In­ves­ti­ga­tion re­veals stu­dents turn to GOWN AND DE­PRESSED MIND WHAT YOU DO

The People - - NEWS FEATURES & - By Amy Sharpe

STU­DENTS are us­ing the dark web to buy an­tide­pres­sants with­out a pre­scrip­tion to cope with soar­ing stress lev­els, a Sun­day Peo­ple in­ves­ti­ga­tion re­veals to­day.

Some say they do not want treat­ment be­ing noted on their med­i­cal records. Many be­lieve coun­selling won’t help. Others sim­ply want to avoid doc­tors’ wait­ing lists.

But the stu­dents are risk­ing their lives – and wast­ing their money.

Last week we mon­i­tored Bri­tain’s big­gest stu­dent cha­t­room where some gave each other ad­vice about buy­ing pills il­le­gally.

Then we went on the dark web and soon or­dered the same drugs with no ques­tions asked.

Five days later the pills ar­rived. There were no dosage di­rec­tions or warn­ings about side ef­fects – which can in­clude sui­ci­dal feel­ings.

The on­line trade in an­tide­pres­sants for stu­dents has al­ready proved fa­tal.

David Con­nell, 21, died af­ter tak­ing pills which he bought on the web to beat stress be­fore his fi­nal ex­ams at the Uni­ver­sity of Hull.

The com­puter sci­ence stu­dent was de­scribed as “bril­liant”and head­ing for a first class de­gree but kept his men­tal health is­sues se­cret from ev­ery­one.

The pills he took were ten times stronger than di­azepam – bet­ter known as Val­ium – and he was found dead in the bed­room of his stu­dent house.

Last week, as thou­sands of young peo­ple pre­pared for life away from their fam­i­lies, we mon­i­tored cha­t­rooms at The Stu­dent Room which has at least 1.8 mil­lion users.

Stu­dents re­vealed their fears about iso­la­tion af­ter leav­ing home, work­loads, friend­ships, fu­ture re­sults and job prospects.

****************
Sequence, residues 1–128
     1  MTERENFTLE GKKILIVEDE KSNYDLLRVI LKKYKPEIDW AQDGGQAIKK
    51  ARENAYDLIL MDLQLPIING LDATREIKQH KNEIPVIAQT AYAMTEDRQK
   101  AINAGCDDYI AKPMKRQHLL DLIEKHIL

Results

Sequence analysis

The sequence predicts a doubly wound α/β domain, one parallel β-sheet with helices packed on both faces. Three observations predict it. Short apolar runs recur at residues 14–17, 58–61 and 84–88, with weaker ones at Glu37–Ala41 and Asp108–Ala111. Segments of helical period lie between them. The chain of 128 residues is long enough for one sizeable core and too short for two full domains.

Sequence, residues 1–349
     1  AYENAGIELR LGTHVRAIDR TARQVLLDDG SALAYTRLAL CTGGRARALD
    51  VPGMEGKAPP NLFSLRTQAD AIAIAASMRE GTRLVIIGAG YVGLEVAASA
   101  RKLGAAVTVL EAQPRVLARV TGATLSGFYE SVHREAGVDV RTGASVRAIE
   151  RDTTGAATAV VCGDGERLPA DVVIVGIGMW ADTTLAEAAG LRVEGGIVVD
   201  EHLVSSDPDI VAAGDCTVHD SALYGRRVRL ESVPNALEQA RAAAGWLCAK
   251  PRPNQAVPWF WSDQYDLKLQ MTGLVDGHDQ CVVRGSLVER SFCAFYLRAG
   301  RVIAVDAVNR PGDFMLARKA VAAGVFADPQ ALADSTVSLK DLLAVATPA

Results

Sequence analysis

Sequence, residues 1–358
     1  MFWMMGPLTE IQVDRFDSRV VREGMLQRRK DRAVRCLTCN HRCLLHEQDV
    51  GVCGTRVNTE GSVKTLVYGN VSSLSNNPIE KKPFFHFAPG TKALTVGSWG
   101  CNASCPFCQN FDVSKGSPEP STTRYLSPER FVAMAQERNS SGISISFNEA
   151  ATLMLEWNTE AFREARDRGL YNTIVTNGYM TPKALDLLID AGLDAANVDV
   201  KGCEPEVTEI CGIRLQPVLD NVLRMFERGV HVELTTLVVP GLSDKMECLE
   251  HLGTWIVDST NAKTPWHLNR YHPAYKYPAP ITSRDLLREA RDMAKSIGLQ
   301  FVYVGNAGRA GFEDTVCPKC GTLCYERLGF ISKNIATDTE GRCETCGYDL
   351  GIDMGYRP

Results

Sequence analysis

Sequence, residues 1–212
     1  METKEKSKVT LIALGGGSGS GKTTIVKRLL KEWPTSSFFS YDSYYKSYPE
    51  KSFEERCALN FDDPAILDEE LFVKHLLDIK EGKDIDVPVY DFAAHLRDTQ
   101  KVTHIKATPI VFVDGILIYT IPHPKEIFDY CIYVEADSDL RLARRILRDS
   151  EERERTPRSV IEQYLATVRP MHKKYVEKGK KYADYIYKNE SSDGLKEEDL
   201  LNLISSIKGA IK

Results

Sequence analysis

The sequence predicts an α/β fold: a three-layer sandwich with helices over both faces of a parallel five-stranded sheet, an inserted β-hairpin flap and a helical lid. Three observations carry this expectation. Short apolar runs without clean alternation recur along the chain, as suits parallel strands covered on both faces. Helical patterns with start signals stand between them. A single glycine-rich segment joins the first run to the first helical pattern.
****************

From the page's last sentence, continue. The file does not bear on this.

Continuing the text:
One posted: “I sit and cry at least twice a day and I don’t have a rea­son why.

“I’ve looked on­line for treat­ments and have found things like flu­ox­e­tine.

“All of them have side ef­fects but I am will­ing to try any­thing right now. Does EX­PERTS at men­tal health char­ity Mind said they were wor­ried by the find­ings of our in­ves­ti­ga­tion and urged anx­ious stu­dents to get proper med­i­cal help.

Stephen Buck­ley, Head of In­for­ma­tion, told us: “It’s wor­ry­ing that some peo­ple feel they need to use the in­ter­net to get med­i­ca­tion for a men­tal health prob­lem.

“An­tide­pres­sants can be very ef­fec­tive for some but they are not the so­lu­tion for ev­ery­one and usu­ally shouldn’t be of­fered as a first line treat­ment for mild to mod­er­ate de­pres­sion.”

He said: “If you feel like you are ex­pe­ri­enc­ing a men­tal health prob­lem, seek help.

“Go to your GP, who can talk you through the sup­port that’s avail­able.

“What peo­ple find help­ful varies from per­son to per­son and what may work for you may be dif­fer­ent from some­one else – whether this is med­i­ca­tion, talk­ing ther­a­pies, mak­ing life­style changes such as tak­ing any­one have any ad­vice on these?” Another said: “I don’t want it be on my record. I can deal with it my­self if I can get an­tide­pres­sants.”

Yet another said: “I don’t want to go the doc­tors for anx­i­ety meds although I’d get them for free. I’d rather buy them on­line. Is it pos­si­ble for me to buy them here and what ones are good?

“Oh Oy yeah and don’t tell me to go to see the doc­tor.”doc­tor. Us­ing down­load down­loaded soft